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which he lived and worked, but he knew his wish would never come true. Then the king asked him if he would like to see his king. This delighted the man and he expressed a great desire to see him. He was told to come to the castle at a certain date, night and hour, and he thought he could point out the king to him. The night arrived, and the man was at the appointed place on time. The king, disguised as when the man had seen him before, ushered him in and showed him over the entire castle. The king then said, "We will now go into the assembly-room, and you will see the king.” The man said, “But how will I know him?" The king replied, “He will be the only man there with his hat on." They entered the room, the man, of course, not knowing he must remove his hat. He looked carefully around and turning to the king said, “I do not see him, and me and you are the only ones with our hats on, so it must be one of us." The king replied, "You are right; I am the king.” The poor man was overcome, but the king kindly talked to him, gave him the farm, which still belongs to the man's descendants, and also made him a retainer in the castle.

We had a very delightful afternoon together, and returned to our hotels.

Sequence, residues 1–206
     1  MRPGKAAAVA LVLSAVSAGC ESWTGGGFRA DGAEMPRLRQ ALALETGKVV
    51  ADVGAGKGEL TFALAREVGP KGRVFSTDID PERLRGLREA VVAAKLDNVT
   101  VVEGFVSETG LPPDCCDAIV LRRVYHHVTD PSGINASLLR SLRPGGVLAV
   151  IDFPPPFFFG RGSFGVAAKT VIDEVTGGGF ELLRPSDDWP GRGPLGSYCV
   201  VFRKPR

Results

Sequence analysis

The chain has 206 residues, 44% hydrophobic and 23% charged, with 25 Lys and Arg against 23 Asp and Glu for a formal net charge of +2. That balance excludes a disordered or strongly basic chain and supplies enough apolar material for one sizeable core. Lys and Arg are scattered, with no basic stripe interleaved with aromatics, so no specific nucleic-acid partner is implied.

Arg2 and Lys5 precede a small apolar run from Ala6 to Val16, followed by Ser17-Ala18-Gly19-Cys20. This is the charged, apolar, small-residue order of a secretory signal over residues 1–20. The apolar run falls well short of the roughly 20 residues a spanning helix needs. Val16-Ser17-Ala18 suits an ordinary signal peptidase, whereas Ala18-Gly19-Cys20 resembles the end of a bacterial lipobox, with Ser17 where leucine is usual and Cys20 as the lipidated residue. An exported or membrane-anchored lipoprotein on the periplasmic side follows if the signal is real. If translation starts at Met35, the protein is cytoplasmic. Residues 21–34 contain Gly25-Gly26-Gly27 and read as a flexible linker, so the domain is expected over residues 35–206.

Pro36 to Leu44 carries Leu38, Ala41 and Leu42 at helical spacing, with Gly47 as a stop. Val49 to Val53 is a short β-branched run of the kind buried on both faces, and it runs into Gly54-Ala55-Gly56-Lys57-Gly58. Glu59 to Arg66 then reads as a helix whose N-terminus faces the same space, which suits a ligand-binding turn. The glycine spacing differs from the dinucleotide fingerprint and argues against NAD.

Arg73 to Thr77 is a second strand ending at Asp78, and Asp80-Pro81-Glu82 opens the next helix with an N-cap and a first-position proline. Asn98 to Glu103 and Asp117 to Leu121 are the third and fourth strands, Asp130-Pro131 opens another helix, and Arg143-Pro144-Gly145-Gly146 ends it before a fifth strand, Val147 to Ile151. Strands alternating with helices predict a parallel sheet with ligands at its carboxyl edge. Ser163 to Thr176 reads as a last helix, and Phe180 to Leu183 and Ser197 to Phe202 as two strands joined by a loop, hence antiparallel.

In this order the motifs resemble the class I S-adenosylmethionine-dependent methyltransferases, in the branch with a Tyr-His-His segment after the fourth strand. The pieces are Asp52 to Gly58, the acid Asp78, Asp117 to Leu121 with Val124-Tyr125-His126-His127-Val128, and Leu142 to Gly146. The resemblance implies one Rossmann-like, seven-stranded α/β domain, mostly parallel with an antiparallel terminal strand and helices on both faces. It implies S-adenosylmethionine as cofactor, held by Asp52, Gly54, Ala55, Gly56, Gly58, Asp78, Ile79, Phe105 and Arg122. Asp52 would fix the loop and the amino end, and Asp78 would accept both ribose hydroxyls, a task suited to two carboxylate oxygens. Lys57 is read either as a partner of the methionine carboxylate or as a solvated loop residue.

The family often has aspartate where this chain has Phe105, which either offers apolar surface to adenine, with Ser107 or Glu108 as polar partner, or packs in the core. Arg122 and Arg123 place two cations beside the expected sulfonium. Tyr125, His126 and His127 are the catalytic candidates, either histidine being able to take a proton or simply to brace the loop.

MELROSE Friday, June 24, we left Edinboro by train for Melrose, the Chipmans deciding to go with us. Arriving at Melrose we took brakes for Abbotsford, Sir Walter Scott's home. This is beautiful with its fine wood carvings, handsome old paintings of nobility beside friends and family, and the grounds are vast and lovely. From here we coached to Dryburg Abbey, a very picturesque, ivy-grown ruin, the walls remaining only in places. The soft green grass and moss cover its floors, as it does the lawns outside. Here we saw Scott's tomb and those of the family. We coached from here to Melrose Abbey. It was late, as we had been so detained by the numerous coaching parties, so that our time was too short for more than a glimpse of it, and which we greatly regretted. This is in a much better state of preservation, and is magnificent in its stately ruin and decay. We had lunched at the George and Abbotsford Inn before going out to Abbotsford, and I managed to run over to a postcard shop and secure quite a number of the clan cards, of which I am striving to make a good collection, as I am quite daffy about the plaids, they are so beautiful in coloring Had I not taken advantage of the few moments while waiting for our coach to drive up, I should have missed getting any cards here, as we were only allowed a few minutes on our return to go into the abbey. The Chipmans had thought of remaining at Melrose over night, but it was such a small village that they decided to go on to Durham with us. We had hardly started before it commenced to pour down rain. We changed cars at Rickerton and had tea baskets put on for us. We were all tired, and as we were again obliged to change cars at New Castle, decided to remain there over night. This we did, stopping at Central Station Hotel. We enjoyed a refreshing night's rest.